Near the end of our June retreat at Mepkin Abbey, I said, "I'm going to go home and love my husband the way we all love the monastery dog."
When I first met the monastery dog, I felt sorry for her. I heard the story about how she appeared at the monastery in very bad shape, with a chain around her neck. The monks took her in and taught her to trust the humans that show up at the monastery.
When I first met the dog, I thought about all the children who would never be part of her world. But she has a never-ending supply of visitors who would likely pet her. The monks take care of her.
I'm intrigued by how most people respond to the dog. Almost everyone pets her head as she comes up to them with her wagging tail. Many people kneel her level, all the better to be with her. She seems to put most people in a better mood, and they respond to her accordingly.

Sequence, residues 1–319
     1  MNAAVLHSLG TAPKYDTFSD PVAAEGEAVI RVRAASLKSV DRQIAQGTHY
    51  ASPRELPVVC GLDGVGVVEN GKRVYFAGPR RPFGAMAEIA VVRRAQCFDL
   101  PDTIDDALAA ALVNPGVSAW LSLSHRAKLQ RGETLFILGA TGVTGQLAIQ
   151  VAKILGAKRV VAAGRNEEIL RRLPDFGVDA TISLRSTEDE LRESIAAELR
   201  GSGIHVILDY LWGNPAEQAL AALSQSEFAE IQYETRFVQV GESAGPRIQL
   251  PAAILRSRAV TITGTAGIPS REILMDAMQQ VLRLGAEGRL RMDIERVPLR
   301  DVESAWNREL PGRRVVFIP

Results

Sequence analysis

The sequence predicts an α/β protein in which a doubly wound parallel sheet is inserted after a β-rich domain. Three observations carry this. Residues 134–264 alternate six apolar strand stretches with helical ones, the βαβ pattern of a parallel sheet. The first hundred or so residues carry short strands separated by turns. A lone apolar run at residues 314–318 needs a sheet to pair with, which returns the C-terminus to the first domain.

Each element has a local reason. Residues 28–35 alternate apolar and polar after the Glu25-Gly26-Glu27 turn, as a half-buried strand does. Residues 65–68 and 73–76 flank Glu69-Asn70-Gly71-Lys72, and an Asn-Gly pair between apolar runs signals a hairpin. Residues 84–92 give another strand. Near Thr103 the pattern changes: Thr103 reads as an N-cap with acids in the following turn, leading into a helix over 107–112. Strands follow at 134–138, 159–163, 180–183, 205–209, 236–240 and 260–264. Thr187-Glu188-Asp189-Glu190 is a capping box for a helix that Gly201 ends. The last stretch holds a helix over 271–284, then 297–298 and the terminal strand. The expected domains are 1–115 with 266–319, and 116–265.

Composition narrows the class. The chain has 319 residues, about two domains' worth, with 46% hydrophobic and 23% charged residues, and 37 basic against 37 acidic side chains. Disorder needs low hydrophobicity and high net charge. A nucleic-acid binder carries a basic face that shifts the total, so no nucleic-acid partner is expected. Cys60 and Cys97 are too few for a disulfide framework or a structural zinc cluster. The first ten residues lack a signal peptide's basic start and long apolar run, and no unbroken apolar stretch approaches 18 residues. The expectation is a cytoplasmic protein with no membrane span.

She makes it easy to love her, in a way that humans don't always. But how would the world change if we treated each and every human in the loving, soothing way that we treat the monastery dog?
I've had similar insights as I've watched toddlers move through the world. I remember seeing a toddler in the process of having a crying meltdown in the parking lot--I'll never forget seeing the adult who was with her drop to her knees and talk in soothing tones. It was so different than the way adults usually treat a child in the midst of a meltdown.
If we treated everyone that way, what a better world we would live in!
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